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Foreign and security policy increasingly important in the Indian elections

Klaus Voll
Advisor on Asia

In the run-up to the elections in India, the domestic landscape has dramatically changed in the wake of the recent terror attack in Kashmir, the Indian Air Force strike in Pakistan as well as the Pakistani response. It is expected that foreign and security policy will have decisive repercussions on the election to the Lok Sabha, the Indian parliament – and vice-versa.


In normal times, foreign and security policy does not rank prominently on the agenda in a general election. But after the terrorist attack in Pulwama on the 14th of February 2019, where more than 40 members of the Indian security forces were killed, events like the Indian air strike deep into Pakistani territory, hitting the terror training camp of the Jaish-e-Muhammed in Balakot, and the Pakistani Air Force crossing the Line of Control (LOC) into Jammu and Kashmir have changed dramatically the situation and have created a new landscape.

Is Jammu and Kashmir the focus in 2019?

Jammu and Kashmir is still not the major focus in the 2019 Lok Sabha election. But the recent events have led to an intensification of hyper-nationalism in India.
It is fully understandable that India has to react to such terrorist provocations. The terrorism sponsored by Pakistan’s so-called ‘deep state’ and its intelligence agency ISI (Inter-State Services Intelligence) poses an existential threat – “bleeding by a thousand cuts” – to the integrity of India and therefore, especially a government claiming to represent the true national interests, had to react.

Prime Minister Narendra Modi, lately on the defensive domestically, of course seized the opportunity to make the military reaction a major issue, if not the dominant one, in this forthcoming election campaign and thereby divert uncomfortable attention away from rural distress and the job crisis.
Evidently, a solution for the vexed Kashmir problem is not in sight, like it was the case during the heydays of the negotiations between the former Pakistani President Pervez Musharraf and the former Indian Prime Minister Manmohan Singh, with both trying not to change the borders and to find a solution of constructive co-existence with transparent borders in the wider context of South and Central Asia.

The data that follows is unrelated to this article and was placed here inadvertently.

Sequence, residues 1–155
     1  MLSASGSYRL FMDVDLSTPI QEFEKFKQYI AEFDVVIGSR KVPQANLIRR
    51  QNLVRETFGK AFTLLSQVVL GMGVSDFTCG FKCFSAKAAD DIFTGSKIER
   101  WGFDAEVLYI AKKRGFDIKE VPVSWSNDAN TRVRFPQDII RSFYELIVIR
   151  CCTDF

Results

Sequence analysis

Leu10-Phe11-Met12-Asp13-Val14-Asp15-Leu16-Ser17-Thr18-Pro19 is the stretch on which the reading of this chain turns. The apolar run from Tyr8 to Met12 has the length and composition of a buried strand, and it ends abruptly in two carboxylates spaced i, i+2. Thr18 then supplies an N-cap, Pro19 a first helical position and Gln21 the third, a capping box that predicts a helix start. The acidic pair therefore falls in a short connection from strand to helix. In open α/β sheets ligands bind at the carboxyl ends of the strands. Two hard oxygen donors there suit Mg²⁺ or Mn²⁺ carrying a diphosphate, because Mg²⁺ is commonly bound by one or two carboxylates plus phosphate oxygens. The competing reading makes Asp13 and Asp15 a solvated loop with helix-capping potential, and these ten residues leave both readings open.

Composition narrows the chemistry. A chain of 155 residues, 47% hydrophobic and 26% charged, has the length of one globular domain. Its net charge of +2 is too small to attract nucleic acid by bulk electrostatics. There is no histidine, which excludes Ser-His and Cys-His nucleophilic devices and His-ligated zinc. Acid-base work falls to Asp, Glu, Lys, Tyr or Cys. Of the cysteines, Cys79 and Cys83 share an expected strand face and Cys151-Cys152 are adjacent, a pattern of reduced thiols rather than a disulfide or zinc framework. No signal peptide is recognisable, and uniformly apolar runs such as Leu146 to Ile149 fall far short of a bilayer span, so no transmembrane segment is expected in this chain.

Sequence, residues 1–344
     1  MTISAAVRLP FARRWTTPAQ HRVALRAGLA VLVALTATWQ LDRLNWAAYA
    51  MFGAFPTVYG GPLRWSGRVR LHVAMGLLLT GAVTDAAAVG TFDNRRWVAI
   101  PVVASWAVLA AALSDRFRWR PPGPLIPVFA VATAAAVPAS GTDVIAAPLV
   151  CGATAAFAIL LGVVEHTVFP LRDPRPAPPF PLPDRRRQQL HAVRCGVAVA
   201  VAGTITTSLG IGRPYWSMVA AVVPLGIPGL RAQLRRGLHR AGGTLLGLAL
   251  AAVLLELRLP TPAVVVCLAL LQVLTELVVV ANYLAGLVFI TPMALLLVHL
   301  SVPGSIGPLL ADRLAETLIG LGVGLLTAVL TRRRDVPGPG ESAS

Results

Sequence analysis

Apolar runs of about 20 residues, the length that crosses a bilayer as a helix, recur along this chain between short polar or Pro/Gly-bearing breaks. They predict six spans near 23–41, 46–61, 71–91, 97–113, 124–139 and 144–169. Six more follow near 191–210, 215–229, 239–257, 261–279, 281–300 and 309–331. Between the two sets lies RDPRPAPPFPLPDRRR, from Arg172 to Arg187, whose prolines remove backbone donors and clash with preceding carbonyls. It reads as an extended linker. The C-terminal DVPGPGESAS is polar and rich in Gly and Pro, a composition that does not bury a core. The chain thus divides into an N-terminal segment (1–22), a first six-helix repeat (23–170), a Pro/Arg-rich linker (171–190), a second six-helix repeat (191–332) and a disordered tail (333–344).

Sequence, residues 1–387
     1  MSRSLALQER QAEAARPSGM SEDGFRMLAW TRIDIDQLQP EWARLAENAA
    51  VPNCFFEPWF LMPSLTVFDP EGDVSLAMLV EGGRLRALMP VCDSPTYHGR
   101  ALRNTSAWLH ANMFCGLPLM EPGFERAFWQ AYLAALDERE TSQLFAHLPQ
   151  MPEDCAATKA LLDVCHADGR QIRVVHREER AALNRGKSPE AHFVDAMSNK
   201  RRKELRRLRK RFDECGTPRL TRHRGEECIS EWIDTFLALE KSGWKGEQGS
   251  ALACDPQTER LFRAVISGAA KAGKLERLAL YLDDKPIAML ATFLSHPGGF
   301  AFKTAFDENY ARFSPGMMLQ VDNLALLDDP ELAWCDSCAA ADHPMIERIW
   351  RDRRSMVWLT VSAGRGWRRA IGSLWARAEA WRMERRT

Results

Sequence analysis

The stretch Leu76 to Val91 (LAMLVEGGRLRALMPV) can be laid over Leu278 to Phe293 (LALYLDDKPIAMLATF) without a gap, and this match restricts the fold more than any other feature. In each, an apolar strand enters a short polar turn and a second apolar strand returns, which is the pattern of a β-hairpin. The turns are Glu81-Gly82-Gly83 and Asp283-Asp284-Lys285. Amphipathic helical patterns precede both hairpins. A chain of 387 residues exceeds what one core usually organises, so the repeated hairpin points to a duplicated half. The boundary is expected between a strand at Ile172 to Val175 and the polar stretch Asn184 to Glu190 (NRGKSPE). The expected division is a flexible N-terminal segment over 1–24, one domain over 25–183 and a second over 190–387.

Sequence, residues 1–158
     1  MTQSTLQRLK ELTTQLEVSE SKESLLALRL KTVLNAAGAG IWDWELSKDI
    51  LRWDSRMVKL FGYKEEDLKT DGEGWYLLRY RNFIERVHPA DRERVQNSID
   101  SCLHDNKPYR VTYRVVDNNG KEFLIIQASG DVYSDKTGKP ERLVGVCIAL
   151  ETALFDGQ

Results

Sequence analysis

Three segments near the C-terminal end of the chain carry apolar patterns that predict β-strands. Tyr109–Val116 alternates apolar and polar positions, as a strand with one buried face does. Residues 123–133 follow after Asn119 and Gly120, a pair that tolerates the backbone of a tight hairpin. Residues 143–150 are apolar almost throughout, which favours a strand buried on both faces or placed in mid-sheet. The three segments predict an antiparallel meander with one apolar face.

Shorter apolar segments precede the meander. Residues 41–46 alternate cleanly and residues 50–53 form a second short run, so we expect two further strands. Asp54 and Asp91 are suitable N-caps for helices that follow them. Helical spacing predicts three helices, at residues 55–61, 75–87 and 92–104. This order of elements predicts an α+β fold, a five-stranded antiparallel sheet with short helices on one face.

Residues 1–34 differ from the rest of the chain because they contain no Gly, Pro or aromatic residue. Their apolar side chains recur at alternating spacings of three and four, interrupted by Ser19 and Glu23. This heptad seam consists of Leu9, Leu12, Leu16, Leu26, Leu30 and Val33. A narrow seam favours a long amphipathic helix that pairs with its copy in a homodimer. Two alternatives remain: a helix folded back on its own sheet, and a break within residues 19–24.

It will be interesting to observe how far recent events will influence the dynamics of the campaign and voting patterns.

Although the BJP, in an extraordinary move, had partnered with the Jammu and Kashmir Peoples Democratic Party (PDP) for the government of the state – under the Chief Minister Mehbooba Mufti, until the BJP withdrew its support in June 2018, the situation especially in the Kashmir Valley continued deteriorating.
Now, as emphasised by many experts, a major precondition is to calm down the situation in the Valley and not follow a military approach. Otherwise, the danger is “that terrorism is seeping into the country-side in Kashmir and the Kashmiri identity of the youngsters is taking a backseat to their Islamist identity”, as mentioned by terrorism expert Dr. Ajay Sahni, who proposes a rapid normalisation of the situation and a dialogue amongst all parties concerned.

Possible Scenarios

There is even the danger of another terrorist attack during the election campaign and that the current tensions between India and Pakistan could further escalate.
It will be interesting to observe how far recent events will influence the dynamics of the campaign and voting patterns. According to opinion polls, they have certainly benefitted the BJP so far.
Much will depend also on the opposition parties. How far can they disentangle the military issues of this recent confrontation and direct voters’ attention back towards more ‘mundane’ issues like unemployment, agrarian distress and a sluggish economy.
Jammu and Kashmir will remain a topic, domestically, regionally and potentially even internationally.
Whatever government will be in power after the elections – the BJP/NDA is currently leading the polls – will need to have a stronger focus on Jammu and Kashmir, as well as the situation in South Asia and especially the relations with Pakistan and, implicitly, also China. The next government will also require a wider vision, particularly showcasing a readiness to learn from the Indian and Pakistani establishments.
China uses Pakistan as a proxy against India, which has conceded space to China in South Asia during the last decade. Only regional cooperation and a step-by-step approach can lead to positive results.

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